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Kenya seeks IAEA help on cancer

VIENA, Austria, Sept 16 – Vice President Kalonzo Musyoka has requested the incoming Director-General of the International Atomic Energy Agency IAEA, Yukiya Amanoto to help set up a major cancer treatment facility in Nairobi that will serve Kenya and the region.

The VP said cases of cancer were rising rapidly in Kenya and facilities for early diagnosis and treatment were urgently needed to prevent deaths.

Mr Musyoka told the IAEA boss to also consider taking on board some Kenyans to work at the Secretariat, since Kenya and Africa were under represented in the world body.

The VP spoke when he met the IAEA boss at his office in Vienna Austria.

Dr Jotham Micheni, the Director of the Kenyatta National Hospital said there is a looming cancer epidemic in Kenya with people suffering from the disease expected to reach 82,000 per year, out of which only 6,000 are able to access treatment.

"Because of HIV/AIDs and changing lifestyles, the cases of people developing cancer are taking on epidemic proportions," Dr Micheni said.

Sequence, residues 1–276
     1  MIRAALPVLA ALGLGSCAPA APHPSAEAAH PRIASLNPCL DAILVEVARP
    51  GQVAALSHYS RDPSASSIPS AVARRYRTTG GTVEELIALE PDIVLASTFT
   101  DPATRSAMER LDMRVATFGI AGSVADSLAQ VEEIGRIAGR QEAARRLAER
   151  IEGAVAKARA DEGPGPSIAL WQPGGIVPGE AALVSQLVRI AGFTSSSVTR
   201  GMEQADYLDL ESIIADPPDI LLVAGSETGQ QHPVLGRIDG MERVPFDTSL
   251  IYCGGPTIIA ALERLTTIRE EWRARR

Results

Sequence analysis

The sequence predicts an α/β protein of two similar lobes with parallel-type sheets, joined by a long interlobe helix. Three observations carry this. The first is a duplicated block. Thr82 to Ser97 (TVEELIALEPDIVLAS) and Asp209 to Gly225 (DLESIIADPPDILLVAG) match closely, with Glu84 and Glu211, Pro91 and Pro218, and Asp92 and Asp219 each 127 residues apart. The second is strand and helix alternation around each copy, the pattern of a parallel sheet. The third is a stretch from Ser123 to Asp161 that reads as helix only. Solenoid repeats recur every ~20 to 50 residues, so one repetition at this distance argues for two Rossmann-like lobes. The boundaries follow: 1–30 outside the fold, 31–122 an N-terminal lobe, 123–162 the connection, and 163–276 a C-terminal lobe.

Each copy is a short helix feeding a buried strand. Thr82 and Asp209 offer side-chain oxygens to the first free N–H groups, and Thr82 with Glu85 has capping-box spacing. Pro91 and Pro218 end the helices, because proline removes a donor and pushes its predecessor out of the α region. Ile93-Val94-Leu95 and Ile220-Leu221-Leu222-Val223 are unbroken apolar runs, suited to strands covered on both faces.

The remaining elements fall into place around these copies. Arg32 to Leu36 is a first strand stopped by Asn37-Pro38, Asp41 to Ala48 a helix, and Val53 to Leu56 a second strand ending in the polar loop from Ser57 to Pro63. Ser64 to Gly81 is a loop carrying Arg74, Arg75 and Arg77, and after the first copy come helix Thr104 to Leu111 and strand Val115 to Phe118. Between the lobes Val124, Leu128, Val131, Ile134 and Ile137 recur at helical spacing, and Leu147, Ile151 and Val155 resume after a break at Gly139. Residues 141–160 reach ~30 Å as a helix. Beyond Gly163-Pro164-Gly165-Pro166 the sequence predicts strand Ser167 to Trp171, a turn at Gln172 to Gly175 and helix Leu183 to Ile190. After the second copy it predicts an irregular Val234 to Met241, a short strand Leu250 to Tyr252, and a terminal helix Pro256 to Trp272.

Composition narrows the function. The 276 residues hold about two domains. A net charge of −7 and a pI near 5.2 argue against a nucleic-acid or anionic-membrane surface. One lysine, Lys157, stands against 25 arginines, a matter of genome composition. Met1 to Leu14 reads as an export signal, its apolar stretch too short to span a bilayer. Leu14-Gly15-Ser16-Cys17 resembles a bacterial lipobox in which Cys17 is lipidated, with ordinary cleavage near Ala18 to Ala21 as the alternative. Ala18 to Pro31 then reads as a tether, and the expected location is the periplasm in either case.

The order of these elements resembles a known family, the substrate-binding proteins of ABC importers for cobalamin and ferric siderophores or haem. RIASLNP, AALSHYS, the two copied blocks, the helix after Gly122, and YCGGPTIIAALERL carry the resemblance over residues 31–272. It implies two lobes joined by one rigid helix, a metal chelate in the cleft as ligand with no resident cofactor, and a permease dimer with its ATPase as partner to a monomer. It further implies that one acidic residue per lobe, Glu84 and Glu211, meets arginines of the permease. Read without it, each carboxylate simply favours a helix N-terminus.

He acknowledged that already IAEA has donated cancer treatment equipment worth Sh100 million and more funding was expected from the Agency.

Minister for Higher Education Dr Sally Kosgei urged the IAEA to help Kenya in the quest to generate nuclear power for peaceful use.

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Mr Musyoka said Kenya’s Vision 2030, which envisages Kenya being a newly industrialised country in 20 years time, could only be realised if the country can access affordable and reliable energy.

Mr Amanoto pledged support for setting up of a Centre for Excellence in Nairobi for cancer treatment.

The Director-General also promised training for Kenyan cancer specialists.

He said it was important for developing countries to be able to generate nuclear power for peaceful use.

"How can developing countries grow their economies without an affordable and reliable source of energy? This should not be a preserve of rich countries," said Mr Amanoto.

He said countries like Kenya will need about four years to make adequate preparation before going nuclear.

"You need to enact laws, train personnel, and construct facilities, enter into relevant agreements before finally getting the capacity to go nuclear," he said.

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